During the 2006 American League Championship series, Zumaya entered the Athletic Directors office with inflammation and pain in his right wrist, and was immediately put on the disabled list for the remainder of the series. After tests failed to reveal a cause, Zumaya chimed up and admitted that he had been playing a lot of Playstation 2's "Guitar Hero". The organization promptly put an end to his extracurricular activity and he recovered just in time to pitch in three World Series games, though still losing to the St. Louis Cardinals.


3. Grip is everything! When it comes to batting, a proper grip of the bat is one of the keys to success. Many players use different types of batting gloves, or pine tar, but not former Yankees catcher Jorge Posada. He had a cheap (and in his opinion), effective formula to dry and roughen up his hands for the ultimate grip. His method? He would pee on his hands and rub them as one would do with soap! Posada is only the fifth MLB catcher with at least 1,500 hits, 350 doubles, 275 home runs, and 1,000 RBIs in a Hall of Fame worthy career. Maybe he was on to something. Just don't shake his hand.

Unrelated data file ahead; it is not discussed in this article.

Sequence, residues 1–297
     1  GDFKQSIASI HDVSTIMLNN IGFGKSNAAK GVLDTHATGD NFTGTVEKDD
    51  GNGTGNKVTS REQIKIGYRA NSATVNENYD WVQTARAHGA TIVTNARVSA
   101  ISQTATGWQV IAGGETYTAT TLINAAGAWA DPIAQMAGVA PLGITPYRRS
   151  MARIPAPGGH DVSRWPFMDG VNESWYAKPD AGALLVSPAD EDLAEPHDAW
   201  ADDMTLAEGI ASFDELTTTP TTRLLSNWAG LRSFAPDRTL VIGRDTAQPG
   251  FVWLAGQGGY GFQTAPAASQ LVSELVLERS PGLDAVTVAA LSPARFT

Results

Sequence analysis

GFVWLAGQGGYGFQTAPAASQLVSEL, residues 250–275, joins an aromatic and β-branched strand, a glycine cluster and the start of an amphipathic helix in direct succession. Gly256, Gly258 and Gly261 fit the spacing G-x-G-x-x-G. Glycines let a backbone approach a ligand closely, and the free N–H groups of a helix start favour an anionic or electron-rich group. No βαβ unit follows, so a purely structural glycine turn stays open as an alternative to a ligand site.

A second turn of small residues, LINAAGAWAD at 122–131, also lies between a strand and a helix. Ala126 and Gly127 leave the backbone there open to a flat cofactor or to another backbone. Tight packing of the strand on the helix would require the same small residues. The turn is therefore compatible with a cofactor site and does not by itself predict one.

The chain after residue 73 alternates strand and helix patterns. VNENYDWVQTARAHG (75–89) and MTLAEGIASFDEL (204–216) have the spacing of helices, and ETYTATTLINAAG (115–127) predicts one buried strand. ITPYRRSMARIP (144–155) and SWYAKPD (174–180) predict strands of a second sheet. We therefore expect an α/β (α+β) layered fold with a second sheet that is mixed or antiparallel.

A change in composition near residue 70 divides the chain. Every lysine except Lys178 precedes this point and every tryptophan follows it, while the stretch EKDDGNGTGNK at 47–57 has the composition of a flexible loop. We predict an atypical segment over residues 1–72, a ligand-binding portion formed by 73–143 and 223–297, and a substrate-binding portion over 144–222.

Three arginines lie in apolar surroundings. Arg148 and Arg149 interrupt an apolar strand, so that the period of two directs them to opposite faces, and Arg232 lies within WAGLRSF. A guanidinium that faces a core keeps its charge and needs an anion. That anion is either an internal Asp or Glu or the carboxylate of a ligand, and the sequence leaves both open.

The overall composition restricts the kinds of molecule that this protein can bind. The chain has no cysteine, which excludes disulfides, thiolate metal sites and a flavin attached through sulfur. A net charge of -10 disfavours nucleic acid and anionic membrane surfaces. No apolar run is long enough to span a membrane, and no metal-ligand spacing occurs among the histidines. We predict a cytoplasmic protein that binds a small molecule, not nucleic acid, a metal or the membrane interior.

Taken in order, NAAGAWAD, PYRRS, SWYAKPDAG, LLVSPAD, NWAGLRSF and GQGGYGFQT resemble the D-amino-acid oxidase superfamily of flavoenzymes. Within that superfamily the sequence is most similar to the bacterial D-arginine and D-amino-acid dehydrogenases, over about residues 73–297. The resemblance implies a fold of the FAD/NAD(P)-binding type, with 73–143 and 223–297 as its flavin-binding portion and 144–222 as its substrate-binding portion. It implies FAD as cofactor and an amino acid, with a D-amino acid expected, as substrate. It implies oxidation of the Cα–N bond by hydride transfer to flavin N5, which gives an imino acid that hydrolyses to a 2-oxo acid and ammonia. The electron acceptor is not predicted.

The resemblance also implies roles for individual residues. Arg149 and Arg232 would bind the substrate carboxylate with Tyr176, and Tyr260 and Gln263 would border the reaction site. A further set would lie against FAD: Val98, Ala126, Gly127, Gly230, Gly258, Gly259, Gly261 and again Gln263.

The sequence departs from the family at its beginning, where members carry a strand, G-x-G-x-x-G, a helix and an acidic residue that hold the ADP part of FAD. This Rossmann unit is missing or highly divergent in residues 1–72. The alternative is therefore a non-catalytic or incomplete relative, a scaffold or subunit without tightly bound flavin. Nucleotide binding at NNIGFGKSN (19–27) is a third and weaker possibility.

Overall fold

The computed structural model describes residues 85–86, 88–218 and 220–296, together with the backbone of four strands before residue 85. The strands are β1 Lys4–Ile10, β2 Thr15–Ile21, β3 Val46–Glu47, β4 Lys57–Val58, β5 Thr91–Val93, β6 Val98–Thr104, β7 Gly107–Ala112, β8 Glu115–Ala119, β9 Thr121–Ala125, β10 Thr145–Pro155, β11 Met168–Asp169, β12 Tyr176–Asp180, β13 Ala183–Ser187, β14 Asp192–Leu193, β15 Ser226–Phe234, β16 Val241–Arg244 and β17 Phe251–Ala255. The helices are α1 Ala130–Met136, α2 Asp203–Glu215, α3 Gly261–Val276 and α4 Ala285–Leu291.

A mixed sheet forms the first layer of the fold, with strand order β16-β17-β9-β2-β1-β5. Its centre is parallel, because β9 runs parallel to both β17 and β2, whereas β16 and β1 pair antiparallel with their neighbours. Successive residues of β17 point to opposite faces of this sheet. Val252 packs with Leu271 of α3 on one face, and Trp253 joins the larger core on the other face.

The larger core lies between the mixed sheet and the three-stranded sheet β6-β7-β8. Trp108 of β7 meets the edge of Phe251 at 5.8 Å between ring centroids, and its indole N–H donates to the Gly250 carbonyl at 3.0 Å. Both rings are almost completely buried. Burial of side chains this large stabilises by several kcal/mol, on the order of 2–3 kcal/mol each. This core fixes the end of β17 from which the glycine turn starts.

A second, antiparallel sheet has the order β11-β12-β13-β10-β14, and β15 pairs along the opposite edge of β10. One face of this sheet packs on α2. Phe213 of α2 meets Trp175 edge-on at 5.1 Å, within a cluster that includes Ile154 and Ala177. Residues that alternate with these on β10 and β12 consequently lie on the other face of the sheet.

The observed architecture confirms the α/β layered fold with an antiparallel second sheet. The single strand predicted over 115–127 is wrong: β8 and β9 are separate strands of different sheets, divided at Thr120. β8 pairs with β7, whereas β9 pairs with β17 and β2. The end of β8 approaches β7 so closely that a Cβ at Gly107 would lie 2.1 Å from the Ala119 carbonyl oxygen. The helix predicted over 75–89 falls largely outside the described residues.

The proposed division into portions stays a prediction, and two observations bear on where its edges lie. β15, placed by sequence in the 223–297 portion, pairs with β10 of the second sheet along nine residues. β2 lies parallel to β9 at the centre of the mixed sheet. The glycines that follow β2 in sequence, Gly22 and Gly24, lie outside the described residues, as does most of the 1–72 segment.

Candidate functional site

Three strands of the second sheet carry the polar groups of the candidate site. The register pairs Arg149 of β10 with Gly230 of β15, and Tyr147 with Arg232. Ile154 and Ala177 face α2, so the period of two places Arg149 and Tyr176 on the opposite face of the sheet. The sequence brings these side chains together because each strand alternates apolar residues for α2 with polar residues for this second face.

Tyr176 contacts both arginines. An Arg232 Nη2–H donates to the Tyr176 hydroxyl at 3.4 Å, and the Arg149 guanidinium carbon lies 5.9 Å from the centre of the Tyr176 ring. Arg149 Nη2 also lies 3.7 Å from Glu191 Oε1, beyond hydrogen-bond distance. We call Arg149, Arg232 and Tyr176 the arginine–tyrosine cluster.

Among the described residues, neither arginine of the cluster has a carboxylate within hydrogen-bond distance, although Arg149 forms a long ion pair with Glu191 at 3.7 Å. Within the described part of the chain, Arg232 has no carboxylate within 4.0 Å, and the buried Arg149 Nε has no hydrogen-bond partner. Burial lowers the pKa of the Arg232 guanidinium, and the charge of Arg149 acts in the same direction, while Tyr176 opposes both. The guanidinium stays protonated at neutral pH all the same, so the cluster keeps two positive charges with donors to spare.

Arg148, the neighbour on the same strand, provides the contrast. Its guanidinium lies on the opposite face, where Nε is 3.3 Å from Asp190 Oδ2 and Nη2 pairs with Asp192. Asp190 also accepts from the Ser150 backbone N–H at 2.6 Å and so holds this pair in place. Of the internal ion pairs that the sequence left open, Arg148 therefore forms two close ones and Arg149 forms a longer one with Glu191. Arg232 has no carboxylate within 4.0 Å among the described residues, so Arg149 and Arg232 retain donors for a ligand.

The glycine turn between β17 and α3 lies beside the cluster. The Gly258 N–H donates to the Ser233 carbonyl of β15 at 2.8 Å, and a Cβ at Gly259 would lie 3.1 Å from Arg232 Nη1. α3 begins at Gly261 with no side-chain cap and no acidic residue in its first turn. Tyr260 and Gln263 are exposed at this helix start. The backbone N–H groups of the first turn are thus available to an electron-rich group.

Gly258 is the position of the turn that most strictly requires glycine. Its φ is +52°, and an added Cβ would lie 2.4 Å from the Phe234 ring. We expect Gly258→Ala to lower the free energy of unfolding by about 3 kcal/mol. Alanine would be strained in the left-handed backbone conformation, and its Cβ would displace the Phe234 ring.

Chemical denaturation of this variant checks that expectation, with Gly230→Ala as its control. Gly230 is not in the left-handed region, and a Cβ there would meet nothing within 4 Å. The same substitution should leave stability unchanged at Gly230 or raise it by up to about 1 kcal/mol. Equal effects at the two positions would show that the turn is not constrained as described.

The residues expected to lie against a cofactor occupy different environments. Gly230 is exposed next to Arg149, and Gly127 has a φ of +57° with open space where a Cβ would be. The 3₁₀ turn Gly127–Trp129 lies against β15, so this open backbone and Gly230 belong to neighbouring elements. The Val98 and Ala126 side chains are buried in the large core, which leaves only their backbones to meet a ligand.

4. Sometimes you just have a bad day.


Joe Sewell of the Cleveland Indians struck out only three times during the entire 1930 season (353 at bats). All three were in the same game.


5. DOH!



The Albuquerque Isotopes are a AAA minor league team in the Pacific Coast League affiliated with the Colorado Rockies. They were named after the Springfield Isotopes, the pro baseball team that plays in the fictional city where the Simpson's cartoon family live. 6. Watch yer head! The very early days of baseball was a far cry from what we see on the field today. Rules weren't nearly as strict, there was more body contact, and a lot less protective equipment.